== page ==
What is inflammation?
The word inflammation comes from the Latin inflamatio, which means “to set on fire.” It is our body’s natural protective response to injury or infection with the goal to remove the cause of the injury and initiate the process of repair. The four main signs of inflammation are redness, heat, swelling and pain. You can recognize the role inflammation plays in a variety of diseases as their names often end with “-itis,” the suffix denoting inflammation. So, dermatitis is inflammation of the skin, tonsillitis, of the tonsils, and so on.
Different kinds of inflammation
We all recognize and know acute inflammation. A sliver stuck in a fingertip hurts, gets red and hot, and swells up. We step the wrong way and twist an ankle causing pain, swelling and redness or bruising. Basic treatment for acute inflammation is based on four steps that go under the acronym RICE—rest, ice, compression, and elevation. We may also take anti-inflammatory medicines such as aspirin or ibuprofen, and in severe cases, use steroids such as cortisone or prednisone.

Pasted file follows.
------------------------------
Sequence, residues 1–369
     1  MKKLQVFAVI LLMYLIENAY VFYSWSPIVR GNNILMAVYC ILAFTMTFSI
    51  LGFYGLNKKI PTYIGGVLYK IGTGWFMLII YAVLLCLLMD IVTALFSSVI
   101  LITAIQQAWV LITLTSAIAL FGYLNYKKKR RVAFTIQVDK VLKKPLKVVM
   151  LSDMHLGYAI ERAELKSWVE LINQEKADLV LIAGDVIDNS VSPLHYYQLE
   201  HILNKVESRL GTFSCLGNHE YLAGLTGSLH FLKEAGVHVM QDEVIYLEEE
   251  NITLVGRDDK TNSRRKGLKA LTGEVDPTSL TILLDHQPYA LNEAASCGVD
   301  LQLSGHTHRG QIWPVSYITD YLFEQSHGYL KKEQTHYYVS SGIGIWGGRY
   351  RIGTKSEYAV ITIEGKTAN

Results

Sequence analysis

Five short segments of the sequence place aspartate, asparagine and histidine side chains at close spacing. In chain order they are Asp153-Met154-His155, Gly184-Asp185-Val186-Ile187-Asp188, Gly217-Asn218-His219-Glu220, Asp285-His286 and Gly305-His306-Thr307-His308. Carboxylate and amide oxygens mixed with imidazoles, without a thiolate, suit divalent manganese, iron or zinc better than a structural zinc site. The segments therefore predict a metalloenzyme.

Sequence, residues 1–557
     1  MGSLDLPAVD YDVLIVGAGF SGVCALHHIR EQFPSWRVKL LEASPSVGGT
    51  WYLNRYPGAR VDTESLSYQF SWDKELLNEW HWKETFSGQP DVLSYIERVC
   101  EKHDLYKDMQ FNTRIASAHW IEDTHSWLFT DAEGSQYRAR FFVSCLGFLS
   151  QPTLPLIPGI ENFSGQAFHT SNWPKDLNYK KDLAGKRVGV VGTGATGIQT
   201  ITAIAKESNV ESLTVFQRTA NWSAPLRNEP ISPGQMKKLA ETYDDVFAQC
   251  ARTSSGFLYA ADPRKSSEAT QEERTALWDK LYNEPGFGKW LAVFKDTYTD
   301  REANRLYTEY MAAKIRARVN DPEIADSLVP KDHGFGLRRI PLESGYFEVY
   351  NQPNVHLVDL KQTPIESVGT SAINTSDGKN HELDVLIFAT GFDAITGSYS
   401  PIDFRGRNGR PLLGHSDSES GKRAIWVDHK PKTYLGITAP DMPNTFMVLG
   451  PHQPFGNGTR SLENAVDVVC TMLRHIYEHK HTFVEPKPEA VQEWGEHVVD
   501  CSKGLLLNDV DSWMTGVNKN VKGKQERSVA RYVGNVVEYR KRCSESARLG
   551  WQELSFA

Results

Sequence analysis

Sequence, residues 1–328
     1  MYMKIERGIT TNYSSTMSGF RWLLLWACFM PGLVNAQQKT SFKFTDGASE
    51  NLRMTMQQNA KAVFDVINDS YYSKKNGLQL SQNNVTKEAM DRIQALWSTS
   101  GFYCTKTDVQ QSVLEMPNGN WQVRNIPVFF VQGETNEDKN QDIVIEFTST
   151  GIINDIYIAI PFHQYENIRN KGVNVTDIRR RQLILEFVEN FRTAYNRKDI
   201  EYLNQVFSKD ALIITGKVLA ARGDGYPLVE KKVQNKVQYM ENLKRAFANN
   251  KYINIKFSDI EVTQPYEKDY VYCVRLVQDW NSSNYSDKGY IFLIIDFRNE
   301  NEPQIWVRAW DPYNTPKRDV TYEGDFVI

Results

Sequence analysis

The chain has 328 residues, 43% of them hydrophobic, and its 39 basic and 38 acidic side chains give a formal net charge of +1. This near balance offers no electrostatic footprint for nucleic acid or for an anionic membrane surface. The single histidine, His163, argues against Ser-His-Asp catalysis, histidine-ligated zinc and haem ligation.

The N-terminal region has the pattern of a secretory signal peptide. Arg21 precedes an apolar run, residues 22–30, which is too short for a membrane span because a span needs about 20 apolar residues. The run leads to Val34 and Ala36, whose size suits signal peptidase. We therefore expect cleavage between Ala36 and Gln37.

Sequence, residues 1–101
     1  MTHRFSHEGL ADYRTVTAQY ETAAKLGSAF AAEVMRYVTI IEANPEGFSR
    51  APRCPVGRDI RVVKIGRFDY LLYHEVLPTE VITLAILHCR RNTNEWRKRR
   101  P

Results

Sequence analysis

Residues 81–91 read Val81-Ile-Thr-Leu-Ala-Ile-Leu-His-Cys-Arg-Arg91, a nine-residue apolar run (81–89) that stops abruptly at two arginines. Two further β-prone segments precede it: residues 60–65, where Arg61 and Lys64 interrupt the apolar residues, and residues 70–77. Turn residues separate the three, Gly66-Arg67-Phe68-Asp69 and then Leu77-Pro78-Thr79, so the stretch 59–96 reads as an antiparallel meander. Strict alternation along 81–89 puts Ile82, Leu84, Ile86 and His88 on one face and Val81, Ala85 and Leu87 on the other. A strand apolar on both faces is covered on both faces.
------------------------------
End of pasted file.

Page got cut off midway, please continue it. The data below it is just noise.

What we don’t often realize is that chronic inflammation, which has subtle signs and symptoms, may go undetected for decades and is a causative or contributing factor to most of the chronic, degenerative and life-threatening diseases we face. Chronic inflammation in the circulatory system is increasingly being recognized as a major factor in heart attacks, stroke and blood vessel disease, the major causes of death in both men and women.
How do I know if I have undetected low lying chronic inflammation?
There are many risk factors which can cause chronic inflammation. Your doctor can discuss this with you on your initial visit. Sensitive chemical markers run by specific lab tests will be able to determine your level of chronic inflammation. One such example is called C – Reactive Protein high sensitivity, which is now becoming a common screening test for cardiovascular disease risk.